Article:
What he's left out of his account below is how much time he spent dealing with me, the poorly American. He hasn't mentioned how helpful he was in bringing me medicines from the pharmacy and crusty bread from one of the countless crusty bread shops he must have seen and bottles of water from I don't know where and still more medicines (from his own stores!) and colorful reports on how things were going outside my four walls. I don't know what I would have done without him there. I was grumpy and whiny and hard to deal with and slightly panicky, but he remained cheerful and helpful and kind and calm. Thanks for the blog post, Peter. But thank you more for being my friend and helping me get well and putting up with my grumpy face(s).
(For more from Peter on children's literature, see this video and the others in the series from Oxford University Press.)
Meanwhile, outside, Peter is wondering what to do with Italy.
But places are all in the mind, even places as emphatically placey as Venice, which is all detail as if a thousand happy designers, without straight edges, had been employed to do whatever they liked for a thousand years. With a lot of ochre. But everyone knows that, and I’m a useless tourist on my own - not sure quite what to do with a place. Even sitting almost on the bows of the waterbus, next to two happy French tourists, on a warm March evening, chugging up the Grand Canal and bumping into the pontoons of the waterbus-stops every three minutes, palaces stacked up along the canalside, terraces and tall windows – through some of which I can see chandeliers and wondering what sort of people can be sitting under them; and doors of the solid sagging houses opening onto water-steps; gondolas disappearing into dark alleyways of water.
Sorry, Venice; I can’t get my head around it. Don’t get much further than thinking – would I prefer to be sitting in my study? Well, obviously not. But with no-one to say, ‘oh look’ to, then, why? Venice doesn’t notice.
And then I get lost, late night, between the waterbus-stop and the hotel. This is not surprising, given that there are ten alleys leading off every square - but it is strange. The moment I think, the hotel should be there – but it isn’t – is the moment I notice that every alleyway is empty and absolutely quiet. It’s not quite frightening or threatening, but ethereal. Walls and houses and leaning walls; alleyways that become ledges and then steps and then bridges.
The dark, narrow, inscrutable canals. Small streetlights, black water; studded doors and doorways with low stone lintels. All slightly panic-inducing, especially when you walk down a long alley that ends at a canal. But nobody jumps out or mugs you (which is astonishing). Calm; don’t walk too fast. This would have been fun with somebody.
So it’s undoubtedly unfair to remember Venice by the number of dogs – what a place not to have a dog (do the owners think that what their dogs are doing (most of the time, it seems) is invisible, or elegant?). And then, of course there’s the other people:; coming across St Mark’s square by accident (someone seems to have tossed Venice up in the air since I was last here, and it's come down in a different pattern) - I’ve been to the Cathedral before, and inside it’s like the Mines of Moria – but this time the place seems up to its knees in tourists, so I don’t even venture into the square, in case I get sucked in. And become one.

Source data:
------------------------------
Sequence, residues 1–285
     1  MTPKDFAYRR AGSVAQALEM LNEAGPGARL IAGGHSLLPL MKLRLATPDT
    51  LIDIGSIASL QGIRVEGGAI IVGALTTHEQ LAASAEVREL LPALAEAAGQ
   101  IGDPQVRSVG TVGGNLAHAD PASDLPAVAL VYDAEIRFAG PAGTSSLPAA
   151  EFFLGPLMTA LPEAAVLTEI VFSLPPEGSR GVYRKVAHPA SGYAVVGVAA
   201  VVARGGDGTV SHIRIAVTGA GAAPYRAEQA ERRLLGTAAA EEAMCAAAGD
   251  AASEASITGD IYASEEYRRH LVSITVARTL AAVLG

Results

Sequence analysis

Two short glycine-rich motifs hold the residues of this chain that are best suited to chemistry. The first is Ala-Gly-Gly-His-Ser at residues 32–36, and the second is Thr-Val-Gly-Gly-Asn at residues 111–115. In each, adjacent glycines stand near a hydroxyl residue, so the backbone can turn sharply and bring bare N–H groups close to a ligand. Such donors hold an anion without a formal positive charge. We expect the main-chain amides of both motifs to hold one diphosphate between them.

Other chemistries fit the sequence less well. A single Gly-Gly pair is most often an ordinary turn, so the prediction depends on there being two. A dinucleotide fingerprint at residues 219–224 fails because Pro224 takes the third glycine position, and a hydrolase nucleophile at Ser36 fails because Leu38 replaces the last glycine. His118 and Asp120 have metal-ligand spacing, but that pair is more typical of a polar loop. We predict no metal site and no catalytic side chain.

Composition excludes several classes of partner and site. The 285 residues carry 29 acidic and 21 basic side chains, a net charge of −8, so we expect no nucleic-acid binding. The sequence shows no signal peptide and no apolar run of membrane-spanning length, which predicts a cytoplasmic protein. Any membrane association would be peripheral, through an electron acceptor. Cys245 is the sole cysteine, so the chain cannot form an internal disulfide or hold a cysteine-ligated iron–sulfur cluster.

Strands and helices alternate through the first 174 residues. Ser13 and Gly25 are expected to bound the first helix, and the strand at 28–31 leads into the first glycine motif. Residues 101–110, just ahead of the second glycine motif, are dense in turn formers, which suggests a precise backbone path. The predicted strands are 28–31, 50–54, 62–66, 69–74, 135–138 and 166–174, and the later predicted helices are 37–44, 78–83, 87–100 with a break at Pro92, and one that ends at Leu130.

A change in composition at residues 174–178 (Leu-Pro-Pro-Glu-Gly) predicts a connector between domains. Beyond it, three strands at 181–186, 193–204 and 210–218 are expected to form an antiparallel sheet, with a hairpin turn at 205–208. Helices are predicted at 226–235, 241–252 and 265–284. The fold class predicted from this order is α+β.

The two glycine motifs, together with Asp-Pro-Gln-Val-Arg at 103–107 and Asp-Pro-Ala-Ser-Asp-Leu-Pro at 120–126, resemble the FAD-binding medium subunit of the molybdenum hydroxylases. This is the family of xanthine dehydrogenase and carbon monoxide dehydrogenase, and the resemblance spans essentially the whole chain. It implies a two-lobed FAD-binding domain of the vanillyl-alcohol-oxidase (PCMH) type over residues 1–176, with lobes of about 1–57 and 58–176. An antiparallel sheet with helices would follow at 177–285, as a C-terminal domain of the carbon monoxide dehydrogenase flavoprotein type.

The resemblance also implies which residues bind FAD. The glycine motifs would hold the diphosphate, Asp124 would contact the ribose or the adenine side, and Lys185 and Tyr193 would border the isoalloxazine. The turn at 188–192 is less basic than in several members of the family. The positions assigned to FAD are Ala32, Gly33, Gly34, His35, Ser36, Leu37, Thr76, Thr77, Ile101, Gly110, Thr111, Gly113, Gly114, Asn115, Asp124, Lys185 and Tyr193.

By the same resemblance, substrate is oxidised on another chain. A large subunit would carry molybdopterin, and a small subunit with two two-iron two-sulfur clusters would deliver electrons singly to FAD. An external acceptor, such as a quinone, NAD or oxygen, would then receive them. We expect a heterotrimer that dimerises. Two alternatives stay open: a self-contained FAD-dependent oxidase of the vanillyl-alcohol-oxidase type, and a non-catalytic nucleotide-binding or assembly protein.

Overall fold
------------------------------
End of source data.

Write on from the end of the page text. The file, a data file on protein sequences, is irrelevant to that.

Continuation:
But there are diverting images. Outside the hotel there is a man who spends half an hour photographing a doorway (I promise that’s what he’s doing).
Venice is detail. Or there’s the gondola-ferry that takes you across the Grand Canal, dodging between launches and ordinary gondolas, waterbuses and boats delivering vegetables, and water-trucks with stacks of boxes that probably contain TVs… and you have to Stand Up on this gondola across the choppy water. Astonishing that nobody seems to fall in.
Then there are the stacks of boards for walking on when the place is flooded…
Then, a couple of hours down the railway line, across a plain with straight lines of farms, is Bologna, which looks a good deal like Venice without the canals (which probably speaks only to my architectural tone-deafness)...
...and the station forecourt is packed with people going to the Bologna Children’s Book fair...
...whence taxis depart for a vast complex of exhibition halls.
Well over a thousand publishers from 66 countries – aisle after aisle after aisle after ... etc...
...of stands - hundreds of thousands of books. And thousands of professionals, signing deals, buying rights. Astonishing (‘Surely,’ I said to my guide, ‘these can’tall be professional book-publishing-type people.’ ‘Why not?' he said. 'Because there can't be that many people in the world with that slightly superior self-confident look' did not seem to be the right answer). But also, to an outsider like myself – I was there to launch a book and talk to a publisher - it’s more mind-boggling than engaging. After a while it seems that the big publishers, whose vast stands resemble the foyers of banks or airport executive club lounges, are all clones, selling cloned products – and the tiddlers are either book-packagers selling series that merge into each other, or specialists selling beautiful, original stuff – if you have time to discover them,
Back in Venice, however, whiling away a day. Far better to remember sitting in the square in the unexpected sunshine, having a beer and eating gnocchi...
...and pretending to be Venetian; watching the hoards and squads of tourists - and admiring (or being astonished at) teachers herding the classes of school children – what a place to mislay a child or two.
What a place: is it still there, I wonder? Was it ever?